A scathing federal report issued Sept. 17 slammed the Environmental Protection Agency for failing to enforce U.S. laws for exporting electronic waste. According to the Government Accountability Office, a "substantial quantity" of U.S. discarded electronics is shipped to developing countries where unsafe recycling practices can cause health and environmental problems.
Although 170 countries have signed an agreement to notify developing nations of incoming hazardous waste shipments, the United States is the only industrialized nation not to sign the 1989 agreement. Under U.S. law, products such as televisions and computer monitors containing CRTs (cathode ray tubes)-which contain harmful levels of copper and lead-are the only e-waste under EPA regulation. U.S. exporters must obtain EPA consent before exporting the products.
The EPA's CRT rules took effect in January 2007.
"EPA officials acknowledged compliance problems with its CRT rule but said that given the rule's relative newness, their focus was on educating the regulated community," the GAO report states. "This reasoning appears misplaced, however, given GAO's observation of exporters willing to engage in apparent violations of the CRT rule, including some who are aware of the rule."
The report adds, "[The] EPA has done little to ascertain the extent of noncompliance, and EPA officials said they have neither plans nor a timetable to develop an enforcement program."
To find the extent of EPA enforcement, the GAO posed as foreign buyers of broken CRTs in Hong Kong, India, Pakistan and other countries. The GAO found 43 U.S. companies willing to export these items. "Some of the companies, including ones that publicly tout their exemplary environmental practices, were willing to export CRTs in apparent violation of the CRT rule," the report states.
The EPA responded to the GAO report in a letter, contending, "We are not convinced that developing a regulatory scheme to address these issues is the most appropriate course of action." The EPA said it supports voluntary industry measures.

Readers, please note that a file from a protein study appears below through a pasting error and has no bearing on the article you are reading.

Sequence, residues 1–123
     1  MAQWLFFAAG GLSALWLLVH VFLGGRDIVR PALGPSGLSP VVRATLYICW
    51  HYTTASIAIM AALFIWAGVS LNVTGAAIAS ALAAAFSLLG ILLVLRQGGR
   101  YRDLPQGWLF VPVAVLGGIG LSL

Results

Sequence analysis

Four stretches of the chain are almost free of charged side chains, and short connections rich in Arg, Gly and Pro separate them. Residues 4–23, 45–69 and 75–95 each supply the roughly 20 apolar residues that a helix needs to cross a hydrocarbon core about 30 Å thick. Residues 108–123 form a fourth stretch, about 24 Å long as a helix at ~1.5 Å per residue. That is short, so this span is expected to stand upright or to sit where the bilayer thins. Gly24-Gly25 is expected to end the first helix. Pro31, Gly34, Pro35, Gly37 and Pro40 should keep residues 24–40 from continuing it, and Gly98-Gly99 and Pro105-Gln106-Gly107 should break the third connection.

U.S. Sen. Sherrod Brown, D-Ohio, does not and introduced legislation Sept. 17 calling for a ban on the export of toxic e-waste to developing nations. According to the Commerce Department, as much as 80 percent of e-waste collected for recycling is sent to developing countries that lack disposal regulations and few environmental or worker safety protections. Materials from the e-waste is used in the production of toys and jewelry for children and shipped back to U.S. stores.
Discarded televisions, computers and other electronics amounted to more than 2.6 million tons of e-waste in 2005, the latest year for which EPA data is available. Many of the electronics contain toxic chemicals such as lead, mercury, cadmium, chromium and brominated flame retardants.
"Instead of reacting to a crisis, our nation should prevent it," the Ohio Democrat said. "We need to ensure that toxic e-waste is not being exported, much less reimported as a child's toy or jewelry. We must ban this practice immediately."
Rep. Gene Green, D-Texas, introduced similar legislation in the House. Neither bill is expected to be acted upon in the 110th Congress, which hopes to wrap up business by the end of September.